That, boys and girls, is a reality check.

Which brings me to the present: Baycon 2012, held over the Labor Day weekend. I participated on a panel entitled "Self-Publishing: Where Does It Fit in the Literary Food Chain." This was one of those panels that was so well attended, so active a discussion, and so engrossing that I wish we had had at least another hour to continue the dialog; one and a half hours simply wasn't sufficient time.

Every discussion and panel on self-publishing in which I have participated has inevitably covered the subject of editing -- specifically the need to have one's manuscript professionally edited. Too many self-published writers are hoping to be the next Amanda Hocking, and to accomplish this rare feat with little or no out-of-pocket expenses -- like professional editing, professional cover art and design, etc. So when this subject came up during the panel discussion, one of the audience members asked: "Where do we find professional editors?" -- and I blurted out: "You can hire me!"1 In addition to my blurt, the panel covered other ways in which a writer might connect with an appropriate editor.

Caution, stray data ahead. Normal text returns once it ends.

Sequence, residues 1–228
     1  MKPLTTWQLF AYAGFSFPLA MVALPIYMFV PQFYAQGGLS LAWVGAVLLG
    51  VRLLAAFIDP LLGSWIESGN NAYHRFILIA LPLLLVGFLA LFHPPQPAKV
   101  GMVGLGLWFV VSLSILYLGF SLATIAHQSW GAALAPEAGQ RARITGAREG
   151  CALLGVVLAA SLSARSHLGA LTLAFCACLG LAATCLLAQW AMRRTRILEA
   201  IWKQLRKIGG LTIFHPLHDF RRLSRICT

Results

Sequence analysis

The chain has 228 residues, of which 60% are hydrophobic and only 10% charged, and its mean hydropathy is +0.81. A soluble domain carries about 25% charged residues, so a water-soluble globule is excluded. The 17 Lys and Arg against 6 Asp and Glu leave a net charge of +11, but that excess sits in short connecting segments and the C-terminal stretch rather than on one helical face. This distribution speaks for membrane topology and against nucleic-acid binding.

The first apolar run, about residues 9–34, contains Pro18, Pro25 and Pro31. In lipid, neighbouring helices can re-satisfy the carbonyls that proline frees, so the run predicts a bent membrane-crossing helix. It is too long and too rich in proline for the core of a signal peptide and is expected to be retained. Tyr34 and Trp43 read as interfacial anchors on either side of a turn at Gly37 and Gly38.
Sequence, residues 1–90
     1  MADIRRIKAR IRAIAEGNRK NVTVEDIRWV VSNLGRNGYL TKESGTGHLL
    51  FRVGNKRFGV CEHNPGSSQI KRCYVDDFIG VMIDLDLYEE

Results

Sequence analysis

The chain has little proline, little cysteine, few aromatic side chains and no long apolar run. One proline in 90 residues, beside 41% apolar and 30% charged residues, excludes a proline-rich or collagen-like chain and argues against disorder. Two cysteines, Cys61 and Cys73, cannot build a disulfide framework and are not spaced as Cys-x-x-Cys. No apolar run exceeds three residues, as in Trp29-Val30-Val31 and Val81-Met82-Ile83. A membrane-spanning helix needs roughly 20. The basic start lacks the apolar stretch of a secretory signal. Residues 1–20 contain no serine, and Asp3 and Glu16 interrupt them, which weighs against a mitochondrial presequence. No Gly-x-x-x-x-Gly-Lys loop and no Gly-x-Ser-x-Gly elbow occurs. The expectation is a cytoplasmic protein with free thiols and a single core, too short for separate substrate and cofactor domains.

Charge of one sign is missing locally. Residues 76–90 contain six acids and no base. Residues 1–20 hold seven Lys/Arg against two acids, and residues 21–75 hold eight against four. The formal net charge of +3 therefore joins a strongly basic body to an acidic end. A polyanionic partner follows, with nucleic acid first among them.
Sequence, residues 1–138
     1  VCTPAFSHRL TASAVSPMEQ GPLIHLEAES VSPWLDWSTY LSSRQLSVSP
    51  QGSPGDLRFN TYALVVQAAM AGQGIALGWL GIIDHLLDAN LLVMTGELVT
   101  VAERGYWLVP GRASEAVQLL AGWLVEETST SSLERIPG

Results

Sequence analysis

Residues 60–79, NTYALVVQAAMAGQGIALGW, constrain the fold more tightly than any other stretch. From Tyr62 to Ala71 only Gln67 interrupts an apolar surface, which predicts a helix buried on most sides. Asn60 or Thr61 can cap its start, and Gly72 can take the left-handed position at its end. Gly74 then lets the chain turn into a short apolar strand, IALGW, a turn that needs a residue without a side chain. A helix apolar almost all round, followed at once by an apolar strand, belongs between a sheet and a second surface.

The convention was still in full swing, when on Sunday I received an email with the subject line: You said, "You can hire me!" One of the audience members at that panel discussion wanted to hire me to edit her manuscript, to which I eventually agreed.

First, however, I wanted to make sure we were compatible, so to speak. I requested the first chapter of her novel, which she sent me; I then did a full developmental edit on it, and provided her feedback via email. There was quite a lot of red ink -- including a suggested title change -- and I wanted to make sure she was open to this degree of feedback. She was.